21 Apr 20182:00 pm | Upper Gallery |
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As part of the exhibition Counter Investigations, Forensic Architecture leads five seminars organized around key concepts that underpin the agency's work, adding up to a short course in forensic architecture. These seminars take place in the ICA gallery spaces, within and around the investigations on display. Whereas these investigations were produced for presentation in juridical and political forums, the seminars gather an alternative forum in which the same evidence is interrogated theoretically and historically
Special multibuy offer
All five Forensic Architecture Short courses for £20/£18 concessions/£12 ICA Members
All are welcome to join these seminars, but we encourage people to attend all or a number of sessions where possible. Space is limited, so please register early
This seminar on the 'image-data complex' discusses the evolving politics and practice of images as data points. In our increasingly mediatised reality, where contemporary events produce a huge multiplicity of images and other data sources around them, the very act of viewing has gradually been transformed. To understand incidents means to be composing relations between images and navigating this composition – sometimes between a few scarce images; often between dozens if not hundreds coming from multiple sources, produced using different technologies and resolutions, and associated with different data-sets. Such a mode of composition, according to Forensic Architecture, is an architectural act, one necessitating an 'architectural image-data complex'. What new form of image and data practice does the proliferation of media evidence allow? And what is the role of the human investigator in an era of emerging artificial intelligence?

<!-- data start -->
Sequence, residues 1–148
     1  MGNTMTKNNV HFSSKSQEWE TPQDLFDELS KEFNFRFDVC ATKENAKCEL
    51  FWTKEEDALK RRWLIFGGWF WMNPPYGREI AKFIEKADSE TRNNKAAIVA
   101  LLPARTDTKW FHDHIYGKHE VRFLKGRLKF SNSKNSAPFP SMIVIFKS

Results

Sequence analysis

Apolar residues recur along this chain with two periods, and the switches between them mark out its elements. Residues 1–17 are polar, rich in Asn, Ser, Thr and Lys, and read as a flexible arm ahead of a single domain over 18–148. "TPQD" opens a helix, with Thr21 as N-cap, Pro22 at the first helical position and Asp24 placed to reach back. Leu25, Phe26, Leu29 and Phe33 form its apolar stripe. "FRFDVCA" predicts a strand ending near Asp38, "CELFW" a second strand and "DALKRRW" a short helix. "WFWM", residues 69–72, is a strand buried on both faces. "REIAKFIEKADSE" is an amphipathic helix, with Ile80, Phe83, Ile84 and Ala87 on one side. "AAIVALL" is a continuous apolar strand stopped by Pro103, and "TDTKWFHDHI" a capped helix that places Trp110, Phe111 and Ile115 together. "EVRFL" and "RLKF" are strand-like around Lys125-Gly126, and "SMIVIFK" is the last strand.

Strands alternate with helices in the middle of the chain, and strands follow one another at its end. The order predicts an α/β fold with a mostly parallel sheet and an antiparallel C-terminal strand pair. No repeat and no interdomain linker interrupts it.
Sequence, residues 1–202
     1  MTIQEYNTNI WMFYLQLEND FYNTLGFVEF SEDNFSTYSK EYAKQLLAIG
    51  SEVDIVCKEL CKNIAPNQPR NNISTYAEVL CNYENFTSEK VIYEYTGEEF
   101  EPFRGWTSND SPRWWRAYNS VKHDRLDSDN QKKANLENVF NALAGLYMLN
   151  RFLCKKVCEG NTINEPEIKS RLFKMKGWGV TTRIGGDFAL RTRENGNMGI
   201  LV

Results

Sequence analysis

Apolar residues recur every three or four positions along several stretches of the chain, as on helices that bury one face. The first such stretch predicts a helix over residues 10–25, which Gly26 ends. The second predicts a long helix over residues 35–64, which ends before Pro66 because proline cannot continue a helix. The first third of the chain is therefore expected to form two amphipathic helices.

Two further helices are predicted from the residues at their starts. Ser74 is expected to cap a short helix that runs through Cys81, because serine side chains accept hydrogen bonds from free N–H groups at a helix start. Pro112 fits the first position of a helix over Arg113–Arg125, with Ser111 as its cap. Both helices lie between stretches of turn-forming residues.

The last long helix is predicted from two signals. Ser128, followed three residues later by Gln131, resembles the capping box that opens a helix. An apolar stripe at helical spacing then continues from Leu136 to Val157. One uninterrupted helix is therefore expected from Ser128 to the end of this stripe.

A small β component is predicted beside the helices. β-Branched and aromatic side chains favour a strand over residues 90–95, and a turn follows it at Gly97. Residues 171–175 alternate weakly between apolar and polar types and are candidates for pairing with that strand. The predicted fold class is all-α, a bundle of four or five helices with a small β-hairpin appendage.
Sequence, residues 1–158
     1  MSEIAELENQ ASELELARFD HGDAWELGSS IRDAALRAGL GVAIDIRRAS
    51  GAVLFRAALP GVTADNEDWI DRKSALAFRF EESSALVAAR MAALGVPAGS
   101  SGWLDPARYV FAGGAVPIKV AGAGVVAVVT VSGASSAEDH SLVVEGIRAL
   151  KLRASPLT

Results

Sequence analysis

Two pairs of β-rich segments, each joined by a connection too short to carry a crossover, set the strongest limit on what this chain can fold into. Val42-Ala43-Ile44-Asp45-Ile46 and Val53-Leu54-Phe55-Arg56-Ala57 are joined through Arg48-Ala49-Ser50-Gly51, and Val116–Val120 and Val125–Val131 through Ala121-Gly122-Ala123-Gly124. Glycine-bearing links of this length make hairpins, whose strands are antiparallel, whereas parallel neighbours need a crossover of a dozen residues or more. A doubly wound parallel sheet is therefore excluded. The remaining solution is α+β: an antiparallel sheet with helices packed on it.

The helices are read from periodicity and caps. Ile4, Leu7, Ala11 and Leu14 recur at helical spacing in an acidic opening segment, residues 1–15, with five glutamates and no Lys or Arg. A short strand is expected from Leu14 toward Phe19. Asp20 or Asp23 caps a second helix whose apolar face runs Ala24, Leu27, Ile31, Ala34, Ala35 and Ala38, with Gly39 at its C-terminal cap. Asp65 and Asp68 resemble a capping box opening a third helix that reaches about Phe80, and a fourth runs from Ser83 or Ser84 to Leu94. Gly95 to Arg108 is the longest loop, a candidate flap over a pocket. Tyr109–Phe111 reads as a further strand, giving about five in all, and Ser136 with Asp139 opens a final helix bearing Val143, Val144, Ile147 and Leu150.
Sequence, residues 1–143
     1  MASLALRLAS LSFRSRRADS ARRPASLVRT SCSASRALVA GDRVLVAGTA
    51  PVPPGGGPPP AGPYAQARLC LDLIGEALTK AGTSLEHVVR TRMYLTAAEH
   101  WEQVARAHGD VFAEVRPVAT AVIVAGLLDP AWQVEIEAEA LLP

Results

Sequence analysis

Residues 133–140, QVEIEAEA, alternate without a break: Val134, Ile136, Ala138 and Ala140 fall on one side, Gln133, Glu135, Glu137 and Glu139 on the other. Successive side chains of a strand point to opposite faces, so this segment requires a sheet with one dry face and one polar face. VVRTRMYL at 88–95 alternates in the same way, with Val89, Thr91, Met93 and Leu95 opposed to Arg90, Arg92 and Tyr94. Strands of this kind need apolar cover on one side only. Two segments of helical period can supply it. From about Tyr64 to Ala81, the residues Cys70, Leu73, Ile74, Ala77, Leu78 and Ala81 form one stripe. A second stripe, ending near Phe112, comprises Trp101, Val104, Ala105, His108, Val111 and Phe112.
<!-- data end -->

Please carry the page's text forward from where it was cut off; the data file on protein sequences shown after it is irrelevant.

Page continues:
Members of Forensic Architecture introduce the concept of the image-data complex, in relation to the investigations including The Bombing of Rafah, The Enforced Disappearance of the 43 Ayotzinapa Students and Sea Watch vs. Libyan Coast Guard.
Invited participants—including artist Josh Begley, director of the Centre for Investigative Journalism James Harkin, citizen journalist and director of Bellingcat Eliot Higgins, documentary filmmaker Laura Poitras and investigative journalist and director of Airwars Chris Woods—will respond to and offer insights on the investigations and the concepts raised.
Following the seminar members of Forensic Architecture will lead a practice-based workshop on 'data and pattern analysis'.
Image caption: Forensic Architecture located photographs and videos within a 3D model to tell the story of one of the heaviest days of bombardment in the 2014 Israel-Gaza war. Forensic Architecture, 2015.
The Short Course in Forensic Architecture is organised in partnership with the MA Studio in Forensic Architecture, Centre for Research Architecture, Goldsmiths, University of London, led by Susan Schuppli and Lorenzo Pezzani. The practice-based workshops are organised by Christina Varvia